At one point during my time in college, I had to live in emergency dorm housing, also known as transitional dorms. The reasons why I was living there are not important, but I was nervous at first because I didn’t know anything about college emergency housing. In the semesters following my experience in emergency dorm housing, several of my friends have spent nights or weeks in emergency housing, and I’ve been able to share lots of tips with them and even come visit their temporary dorms. Here are my tips for living in transitional housing or emergency dorm housing in college.
What is emergency dorm housing or transitional housing?
Emergency college housing, sometimes referred to as transitional housing, are on-campus rooms set aside for students who live on campus and have to evacuate their dorm room for some reason. The amount of students that live in a single emergency dorm depends on the circumstances of the evacuation and if the person has a single room. Most rooms have their own bathroom and are in a secluded area of the building, and emergency dorm housing locations are not publicly listed anywhere except within housing.
Some examples of reasons someone may live in emergency dorm housing include:
- Power outage
- Infectious disease outbreak or quarantine
- Domestic violence/assault
- Fear for safety or wellbeing
- Police investigation
In some places, there may be an entire building dedicated to students who need emergency/transitional housing, such as during a disease outbreak or building-wide evacuation. These dorm locations are typically publicly listed, though student names are not attached to individual rooms in the housing database.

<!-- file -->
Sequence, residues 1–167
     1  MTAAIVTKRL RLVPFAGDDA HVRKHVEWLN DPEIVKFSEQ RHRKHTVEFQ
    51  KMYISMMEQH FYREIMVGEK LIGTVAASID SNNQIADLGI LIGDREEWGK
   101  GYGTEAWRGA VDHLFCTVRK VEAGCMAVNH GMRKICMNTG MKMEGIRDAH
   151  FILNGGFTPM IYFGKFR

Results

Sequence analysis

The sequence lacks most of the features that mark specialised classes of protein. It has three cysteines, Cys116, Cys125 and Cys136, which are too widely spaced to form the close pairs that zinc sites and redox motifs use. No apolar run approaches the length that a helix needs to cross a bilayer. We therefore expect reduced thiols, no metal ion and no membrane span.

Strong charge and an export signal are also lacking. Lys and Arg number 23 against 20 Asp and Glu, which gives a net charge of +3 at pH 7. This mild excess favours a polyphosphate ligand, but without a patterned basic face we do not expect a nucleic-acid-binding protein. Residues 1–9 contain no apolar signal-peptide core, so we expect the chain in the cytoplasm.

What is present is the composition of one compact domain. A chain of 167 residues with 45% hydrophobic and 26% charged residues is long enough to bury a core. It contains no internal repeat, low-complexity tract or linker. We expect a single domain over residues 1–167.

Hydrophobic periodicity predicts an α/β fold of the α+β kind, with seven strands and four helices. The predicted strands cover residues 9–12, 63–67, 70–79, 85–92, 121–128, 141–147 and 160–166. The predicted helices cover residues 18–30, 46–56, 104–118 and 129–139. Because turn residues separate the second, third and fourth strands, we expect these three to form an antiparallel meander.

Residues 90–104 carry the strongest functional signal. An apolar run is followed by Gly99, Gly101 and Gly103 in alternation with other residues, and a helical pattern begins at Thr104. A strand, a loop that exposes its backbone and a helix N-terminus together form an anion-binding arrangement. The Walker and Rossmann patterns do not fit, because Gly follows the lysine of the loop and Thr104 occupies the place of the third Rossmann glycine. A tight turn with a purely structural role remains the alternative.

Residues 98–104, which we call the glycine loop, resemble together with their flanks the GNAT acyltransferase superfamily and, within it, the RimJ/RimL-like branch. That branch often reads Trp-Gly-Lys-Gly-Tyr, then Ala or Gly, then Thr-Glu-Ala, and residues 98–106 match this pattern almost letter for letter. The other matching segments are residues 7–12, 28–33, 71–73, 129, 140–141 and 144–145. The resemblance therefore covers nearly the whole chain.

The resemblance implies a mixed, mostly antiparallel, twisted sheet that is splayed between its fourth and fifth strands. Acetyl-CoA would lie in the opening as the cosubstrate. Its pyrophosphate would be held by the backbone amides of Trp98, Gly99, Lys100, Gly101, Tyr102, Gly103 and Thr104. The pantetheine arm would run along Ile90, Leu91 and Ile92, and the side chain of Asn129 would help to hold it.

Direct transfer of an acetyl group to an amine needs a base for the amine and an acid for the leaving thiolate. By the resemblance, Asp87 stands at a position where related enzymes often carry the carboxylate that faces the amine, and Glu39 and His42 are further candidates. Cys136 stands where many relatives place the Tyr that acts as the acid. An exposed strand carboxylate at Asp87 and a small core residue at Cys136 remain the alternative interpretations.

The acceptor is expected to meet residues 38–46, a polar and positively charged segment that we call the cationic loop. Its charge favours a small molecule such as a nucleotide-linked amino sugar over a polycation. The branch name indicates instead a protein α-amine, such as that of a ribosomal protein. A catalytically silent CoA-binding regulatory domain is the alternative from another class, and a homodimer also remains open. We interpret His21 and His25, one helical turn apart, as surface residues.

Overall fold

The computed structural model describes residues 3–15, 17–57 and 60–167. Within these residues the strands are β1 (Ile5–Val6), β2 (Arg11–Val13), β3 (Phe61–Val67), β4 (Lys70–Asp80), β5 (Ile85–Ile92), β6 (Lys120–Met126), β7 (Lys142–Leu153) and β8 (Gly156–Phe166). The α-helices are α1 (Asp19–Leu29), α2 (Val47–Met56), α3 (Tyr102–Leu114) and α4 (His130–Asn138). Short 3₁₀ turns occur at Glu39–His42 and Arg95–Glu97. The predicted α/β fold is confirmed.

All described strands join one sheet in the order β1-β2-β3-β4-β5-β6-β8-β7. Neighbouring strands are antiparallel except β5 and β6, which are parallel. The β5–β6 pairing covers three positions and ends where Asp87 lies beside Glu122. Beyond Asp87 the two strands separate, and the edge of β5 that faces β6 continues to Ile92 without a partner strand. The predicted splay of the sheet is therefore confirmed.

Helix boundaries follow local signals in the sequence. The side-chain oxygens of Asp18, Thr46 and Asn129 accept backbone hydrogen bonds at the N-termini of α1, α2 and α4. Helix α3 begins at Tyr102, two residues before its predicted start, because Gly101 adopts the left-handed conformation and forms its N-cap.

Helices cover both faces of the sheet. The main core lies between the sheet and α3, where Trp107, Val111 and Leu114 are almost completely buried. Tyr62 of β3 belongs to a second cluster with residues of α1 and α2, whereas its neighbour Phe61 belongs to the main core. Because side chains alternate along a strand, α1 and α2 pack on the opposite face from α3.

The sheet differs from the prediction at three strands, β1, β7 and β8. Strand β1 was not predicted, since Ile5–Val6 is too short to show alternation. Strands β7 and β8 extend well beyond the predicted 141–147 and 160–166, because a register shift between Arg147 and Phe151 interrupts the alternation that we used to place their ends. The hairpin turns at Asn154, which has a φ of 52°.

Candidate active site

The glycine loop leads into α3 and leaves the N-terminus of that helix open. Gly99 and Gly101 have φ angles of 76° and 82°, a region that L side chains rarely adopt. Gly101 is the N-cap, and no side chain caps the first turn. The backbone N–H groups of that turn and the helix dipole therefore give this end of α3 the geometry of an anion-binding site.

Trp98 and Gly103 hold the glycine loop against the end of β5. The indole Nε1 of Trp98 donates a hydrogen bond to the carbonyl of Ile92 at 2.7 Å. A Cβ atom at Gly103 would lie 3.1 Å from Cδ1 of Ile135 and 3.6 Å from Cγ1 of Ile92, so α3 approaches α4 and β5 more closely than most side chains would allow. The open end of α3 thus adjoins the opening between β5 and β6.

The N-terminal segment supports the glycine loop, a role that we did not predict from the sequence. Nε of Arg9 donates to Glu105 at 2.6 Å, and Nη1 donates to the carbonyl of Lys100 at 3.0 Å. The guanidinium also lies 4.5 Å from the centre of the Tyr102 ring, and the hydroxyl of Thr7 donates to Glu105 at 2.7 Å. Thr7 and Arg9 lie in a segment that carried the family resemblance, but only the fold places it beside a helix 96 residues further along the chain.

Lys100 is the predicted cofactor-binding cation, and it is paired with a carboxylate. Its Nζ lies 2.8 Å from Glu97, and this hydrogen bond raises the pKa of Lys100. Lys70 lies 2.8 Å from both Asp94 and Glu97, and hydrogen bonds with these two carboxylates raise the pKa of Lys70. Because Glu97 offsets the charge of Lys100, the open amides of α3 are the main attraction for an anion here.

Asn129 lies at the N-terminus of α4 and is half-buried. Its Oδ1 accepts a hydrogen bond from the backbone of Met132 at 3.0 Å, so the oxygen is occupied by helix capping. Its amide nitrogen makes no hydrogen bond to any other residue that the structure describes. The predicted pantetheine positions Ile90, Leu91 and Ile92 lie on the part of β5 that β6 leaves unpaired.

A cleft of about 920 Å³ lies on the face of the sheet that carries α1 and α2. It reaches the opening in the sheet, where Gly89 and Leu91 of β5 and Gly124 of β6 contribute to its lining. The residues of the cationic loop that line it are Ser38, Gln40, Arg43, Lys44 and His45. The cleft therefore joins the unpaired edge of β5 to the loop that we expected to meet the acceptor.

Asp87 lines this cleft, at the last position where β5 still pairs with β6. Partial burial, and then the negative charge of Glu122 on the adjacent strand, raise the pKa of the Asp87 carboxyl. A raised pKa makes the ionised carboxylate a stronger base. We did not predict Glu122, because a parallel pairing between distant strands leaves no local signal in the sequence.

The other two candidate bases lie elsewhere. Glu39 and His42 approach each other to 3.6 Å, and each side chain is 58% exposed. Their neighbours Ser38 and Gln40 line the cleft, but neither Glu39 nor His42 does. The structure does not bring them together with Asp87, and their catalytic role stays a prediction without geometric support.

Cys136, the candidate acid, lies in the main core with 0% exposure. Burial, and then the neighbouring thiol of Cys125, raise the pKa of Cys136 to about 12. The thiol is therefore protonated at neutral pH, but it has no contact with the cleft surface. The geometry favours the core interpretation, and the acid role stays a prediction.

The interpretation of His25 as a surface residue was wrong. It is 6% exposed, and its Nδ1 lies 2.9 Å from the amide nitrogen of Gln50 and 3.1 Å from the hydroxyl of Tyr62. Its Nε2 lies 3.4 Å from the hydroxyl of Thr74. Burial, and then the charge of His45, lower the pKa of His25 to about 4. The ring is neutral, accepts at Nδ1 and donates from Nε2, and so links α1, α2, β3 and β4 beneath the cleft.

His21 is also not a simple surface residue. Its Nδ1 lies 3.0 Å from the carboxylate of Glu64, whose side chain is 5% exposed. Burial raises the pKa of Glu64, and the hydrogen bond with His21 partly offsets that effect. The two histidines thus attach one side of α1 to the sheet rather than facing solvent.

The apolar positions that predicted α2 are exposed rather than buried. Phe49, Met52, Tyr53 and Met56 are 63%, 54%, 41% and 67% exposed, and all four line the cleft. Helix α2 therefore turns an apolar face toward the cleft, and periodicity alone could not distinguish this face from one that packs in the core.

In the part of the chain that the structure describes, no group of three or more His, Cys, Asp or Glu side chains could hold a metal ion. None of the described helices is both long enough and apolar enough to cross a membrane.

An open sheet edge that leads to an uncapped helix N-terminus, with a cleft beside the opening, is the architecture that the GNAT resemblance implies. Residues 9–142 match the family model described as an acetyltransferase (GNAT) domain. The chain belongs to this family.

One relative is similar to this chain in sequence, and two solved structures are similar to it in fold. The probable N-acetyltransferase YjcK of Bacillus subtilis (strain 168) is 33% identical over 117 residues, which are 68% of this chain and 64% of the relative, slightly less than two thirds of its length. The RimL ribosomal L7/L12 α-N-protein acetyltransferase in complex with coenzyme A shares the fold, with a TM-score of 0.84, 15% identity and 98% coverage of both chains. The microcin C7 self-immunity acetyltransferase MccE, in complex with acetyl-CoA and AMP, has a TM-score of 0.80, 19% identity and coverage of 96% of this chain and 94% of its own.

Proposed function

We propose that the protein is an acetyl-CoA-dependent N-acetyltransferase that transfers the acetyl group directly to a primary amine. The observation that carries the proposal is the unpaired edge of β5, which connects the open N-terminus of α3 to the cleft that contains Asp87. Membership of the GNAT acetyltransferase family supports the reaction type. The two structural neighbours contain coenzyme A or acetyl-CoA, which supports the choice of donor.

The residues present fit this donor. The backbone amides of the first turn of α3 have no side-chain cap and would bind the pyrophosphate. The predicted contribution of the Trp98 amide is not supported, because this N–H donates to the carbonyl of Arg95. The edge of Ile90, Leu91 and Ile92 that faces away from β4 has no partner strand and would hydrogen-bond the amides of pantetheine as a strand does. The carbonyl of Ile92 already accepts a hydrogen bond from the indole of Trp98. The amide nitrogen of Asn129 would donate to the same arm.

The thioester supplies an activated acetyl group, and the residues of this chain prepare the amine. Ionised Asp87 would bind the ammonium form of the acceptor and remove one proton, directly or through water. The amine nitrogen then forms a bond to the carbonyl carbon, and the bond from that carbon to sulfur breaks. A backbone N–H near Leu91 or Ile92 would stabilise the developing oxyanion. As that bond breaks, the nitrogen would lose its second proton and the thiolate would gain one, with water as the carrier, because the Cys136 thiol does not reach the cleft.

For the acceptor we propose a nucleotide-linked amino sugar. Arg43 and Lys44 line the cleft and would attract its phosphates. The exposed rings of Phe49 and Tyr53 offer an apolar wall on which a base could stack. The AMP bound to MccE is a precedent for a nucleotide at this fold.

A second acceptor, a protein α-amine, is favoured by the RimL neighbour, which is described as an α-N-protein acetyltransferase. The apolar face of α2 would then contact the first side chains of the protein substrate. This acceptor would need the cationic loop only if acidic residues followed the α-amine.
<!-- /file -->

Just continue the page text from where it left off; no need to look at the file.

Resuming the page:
How to request emergency housing
If you are in a situation where you need emergency housing and you live on campus, you can make a request to spend the night in emergency housing to a few different staff members on campus, depending on the circumstances. In some circumstances, the move to emergency housing may not be optional.
Staff members that can assist with emergency housing requests include:
- Resident directors
- Housing staff
- Campus security
- Case managers
Making the request is as simple as saying or writing that you would like to be moved into emergency housing and listing the circumstances as to why. In my situation, the staff member I was working with strongly recommended that I be placed in emergency housing (I did not make the original request) and made a series of phone calls, and then I was in the emergency dorm housing within two hours. For another one of my friends, they were in emergency housing within four hours after contacting their resident director and stating the reasons they felt unsafe in their dorm.